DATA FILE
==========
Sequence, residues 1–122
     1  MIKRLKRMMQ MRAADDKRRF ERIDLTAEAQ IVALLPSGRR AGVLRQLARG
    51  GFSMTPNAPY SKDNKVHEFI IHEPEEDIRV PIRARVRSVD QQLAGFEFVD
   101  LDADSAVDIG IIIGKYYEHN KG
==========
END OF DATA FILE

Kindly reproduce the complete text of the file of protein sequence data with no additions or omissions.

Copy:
Sequence, residues 1–122
     1  MIKRLKRMMQ MRAADDKRRF ERIDLTAEAQ IVALLPSGRR AGVLRQLARG
    51  GFSMTPNAPY SKDNKVHEFI IHEPEEDIRV PIRARVRSVD QQLAGFEFVD
   101  LDADSAVDIG IIIGKYYEHN KG